Powell and Pressburger’s The Small Back Room Is a Lonely Little Beast of a Movie

08/07/2009 10:43 AM |

Small Black Room

Certain varietals of grandly gestured cinema inspires crazed, indecipherable, passionate devotion among cinephiles: the films by Welles, Ophuls, Sirk, Leone, Scorsese and Wong, for example, tend to magnetize our nerve endings more than our frontal lobes, and such infatuations tend to last a lifetime. Of course the Michael Powell-Emeric Pressburger canon belongs on the list; it’s not a question of whether you’re in love with an “Archers” film, but which one, and the likely suspects usually emanate from the extraordinary, romantic-neurotic epic run of A Canterbury Tale (1944), I Know Where I’m Going! (1945), A Matter of Life and Death (1946), Black Narcisuss (1947) and The Red Shoes (1948).

But immediately thereafter, switching studios and getting a little tired of sweeping dreaminess, the pair made The Small Back Room (1949), a hand-sized Brit-noir delirium that virtually sits in the sweaty lap of a disaffected, one-footed munitions expert (David Farrar) who battles depression and wild alcoholism during the war as he’s called upon to defuse a particularly insidious kind of German boobytrap bomb. The film is famous for the darkling, Magritte-ish haunted-by-booze hallucination scene, but the generalized vibe is as hyperliterate, thoroughly grown-up and intensely imagined as any of the team’s more famous shots in the dark. Surely this lonely little beast of a movie is one of cinema’s great renditions of self-loathing, but it’s also a vital addition to the portrait gallery that Powell and Pressburger crafted of mid-century British life in all of its temperate wisdom and sharp-eyed wartime detail.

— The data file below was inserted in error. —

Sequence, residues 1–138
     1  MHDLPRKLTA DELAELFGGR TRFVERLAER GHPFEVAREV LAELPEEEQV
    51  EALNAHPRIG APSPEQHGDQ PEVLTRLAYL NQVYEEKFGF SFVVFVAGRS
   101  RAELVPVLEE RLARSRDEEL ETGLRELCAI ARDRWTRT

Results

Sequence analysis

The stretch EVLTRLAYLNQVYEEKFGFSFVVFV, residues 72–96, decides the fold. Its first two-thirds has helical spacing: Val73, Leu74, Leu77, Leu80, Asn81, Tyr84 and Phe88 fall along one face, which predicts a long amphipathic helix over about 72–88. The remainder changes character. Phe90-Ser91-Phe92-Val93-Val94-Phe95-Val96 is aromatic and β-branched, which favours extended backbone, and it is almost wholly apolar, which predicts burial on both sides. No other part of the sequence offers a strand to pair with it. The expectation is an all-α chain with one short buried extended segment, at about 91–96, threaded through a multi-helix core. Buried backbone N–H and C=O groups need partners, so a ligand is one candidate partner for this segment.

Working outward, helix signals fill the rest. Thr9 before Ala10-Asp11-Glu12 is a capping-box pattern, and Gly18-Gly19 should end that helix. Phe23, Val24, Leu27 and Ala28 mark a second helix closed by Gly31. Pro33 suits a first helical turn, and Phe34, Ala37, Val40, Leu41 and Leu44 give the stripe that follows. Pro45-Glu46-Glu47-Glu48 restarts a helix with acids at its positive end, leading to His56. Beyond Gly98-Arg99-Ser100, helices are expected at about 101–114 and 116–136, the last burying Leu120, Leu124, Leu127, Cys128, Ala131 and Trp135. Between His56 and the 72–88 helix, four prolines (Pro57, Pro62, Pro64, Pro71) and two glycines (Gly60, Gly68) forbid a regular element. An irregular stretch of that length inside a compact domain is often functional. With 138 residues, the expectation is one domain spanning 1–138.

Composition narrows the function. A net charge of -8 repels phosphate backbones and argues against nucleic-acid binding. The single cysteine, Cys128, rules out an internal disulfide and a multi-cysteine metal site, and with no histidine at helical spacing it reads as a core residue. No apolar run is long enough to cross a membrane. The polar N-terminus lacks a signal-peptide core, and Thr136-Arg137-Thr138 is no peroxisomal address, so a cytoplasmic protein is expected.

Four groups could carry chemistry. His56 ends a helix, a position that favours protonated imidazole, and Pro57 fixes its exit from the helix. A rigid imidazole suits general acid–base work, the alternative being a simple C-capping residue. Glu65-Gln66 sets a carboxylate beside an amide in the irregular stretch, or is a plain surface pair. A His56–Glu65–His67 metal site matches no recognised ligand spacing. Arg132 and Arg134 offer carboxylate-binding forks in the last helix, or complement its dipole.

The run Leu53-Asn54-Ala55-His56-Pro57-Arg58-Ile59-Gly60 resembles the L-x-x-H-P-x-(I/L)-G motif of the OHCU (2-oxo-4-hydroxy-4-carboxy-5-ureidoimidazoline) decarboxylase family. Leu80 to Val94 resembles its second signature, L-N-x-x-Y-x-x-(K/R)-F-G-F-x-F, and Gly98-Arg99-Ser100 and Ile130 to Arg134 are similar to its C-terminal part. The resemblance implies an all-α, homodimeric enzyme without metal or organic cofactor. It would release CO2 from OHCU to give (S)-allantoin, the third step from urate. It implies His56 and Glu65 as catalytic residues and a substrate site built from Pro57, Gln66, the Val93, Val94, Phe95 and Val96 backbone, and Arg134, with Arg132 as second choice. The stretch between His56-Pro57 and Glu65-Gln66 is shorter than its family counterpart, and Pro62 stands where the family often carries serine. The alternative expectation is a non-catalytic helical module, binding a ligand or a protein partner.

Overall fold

The Small Back Room plays on Sunday as part of Film Forum‘s Brit Noir series, which begins today and continues through mid-September.